Northern Queensland received one of the severest tropical storms dubbed Cyclone Nora. It hit the coast less than 24 hours after it formed over the Arafura Sea. The storm then intensified into a tropical cyclone, which meteorologists equate to a category 2 hurricane. Cyclone Nora caused dangerous weather and wreaked havoc all over Queensland and much further afield to sections of Cape York, as well as causing flooding in the several low lying sections of Cairns.
Cyclone Nora swept away everything in its wake. Shoppers at a shopping center in Earlville and Rusty waded ankle deep in floodwaters. In Port Douglas, holiday apartment owners had a hard time keeping water from seeping into their buildings. The devastation did not stop there; there were massive landslides that closed sections of roads such as Captain Cook Highway north of Cairns, and it shut off remote communities in and around Cape York
After the havoc, Cyclone Nora has since weakened to a low-pressure system and projections do not foresee it building up to be a cyclone again. Despite this, there are still severe weather warnings for areas in and around Cairn. The Gulf country areas between Burketown and Pormpuraaw can expect more heavy rainfall as well as damaging winds.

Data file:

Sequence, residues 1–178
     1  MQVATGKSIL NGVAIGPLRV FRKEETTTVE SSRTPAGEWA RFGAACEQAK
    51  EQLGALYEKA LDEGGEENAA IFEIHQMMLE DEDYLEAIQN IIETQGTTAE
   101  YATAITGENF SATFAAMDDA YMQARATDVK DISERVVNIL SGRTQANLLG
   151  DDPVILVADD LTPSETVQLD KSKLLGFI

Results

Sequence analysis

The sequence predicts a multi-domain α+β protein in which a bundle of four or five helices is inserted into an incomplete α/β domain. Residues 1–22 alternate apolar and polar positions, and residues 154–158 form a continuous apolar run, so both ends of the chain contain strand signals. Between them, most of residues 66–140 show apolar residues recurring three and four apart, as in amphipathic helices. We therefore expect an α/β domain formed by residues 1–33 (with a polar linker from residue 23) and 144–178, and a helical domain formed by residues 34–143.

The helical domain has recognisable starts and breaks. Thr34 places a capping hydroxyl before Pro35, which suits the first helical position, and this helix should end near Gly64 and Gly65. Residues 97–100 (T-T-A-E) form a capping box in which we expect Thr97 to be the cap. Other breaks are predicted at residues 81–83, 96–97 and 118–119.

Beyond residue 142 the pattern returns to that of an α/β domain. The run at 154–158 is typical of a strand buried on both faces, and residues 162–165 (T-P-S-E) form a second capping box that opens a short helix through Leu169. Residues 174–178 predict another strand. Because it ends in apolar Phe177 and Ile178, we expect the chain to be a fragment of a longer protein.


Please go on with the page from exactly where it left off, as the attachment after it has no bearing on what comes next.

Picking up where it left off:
According to the Bureau of Meteorology, Cairns received over 260 mm of rainfall in 24 hours with some areas recording a staggering 500 mm in the same period. However, the seas around Gulf of Carpentaria will remain rough.
The river Daintree recorded nearly 20 feet of water and several areas experienced moderate flooding. The islands around the Gulf of Carpentaria especially the Wellesley and Normanton Islands experienced torrential rains with a likelihood of flooding.